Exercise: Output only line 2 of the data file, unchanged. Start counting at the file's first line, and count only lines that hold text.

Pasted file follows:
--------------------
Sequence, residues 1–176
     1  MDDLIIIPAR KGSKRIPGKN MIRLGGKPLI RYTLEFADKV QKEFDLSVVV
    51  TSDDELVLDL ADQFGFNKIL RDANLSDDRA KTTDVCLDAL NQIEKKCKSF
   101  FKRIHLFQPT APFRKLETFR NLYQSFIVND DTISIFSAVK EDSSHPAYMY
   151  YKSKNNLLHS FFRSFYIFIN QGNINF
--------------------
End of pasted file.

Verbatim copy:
     1  MDDLIIIPAR KGSKRIPGKN MIRLGGKPLI RYTLEFADKV QKEFDLSVVV